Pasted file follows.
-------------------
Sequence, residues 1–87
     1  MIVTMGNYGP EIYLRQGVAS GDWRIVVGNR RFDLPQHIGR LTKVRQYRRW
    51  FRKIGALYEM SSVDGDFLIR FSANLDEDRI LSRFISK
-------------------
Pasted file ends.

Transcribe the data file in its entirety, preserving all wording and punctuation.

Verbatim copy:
Sequence, residues 1–87
     1  MIVTMGNYGP EIYLRQGVAS GDWRIVVGNR RFDLPQHIGR LTKVRQYRRW
    51  FRKIGALYEM SSVDGDFLIR FSANLDEDRI LSRFISK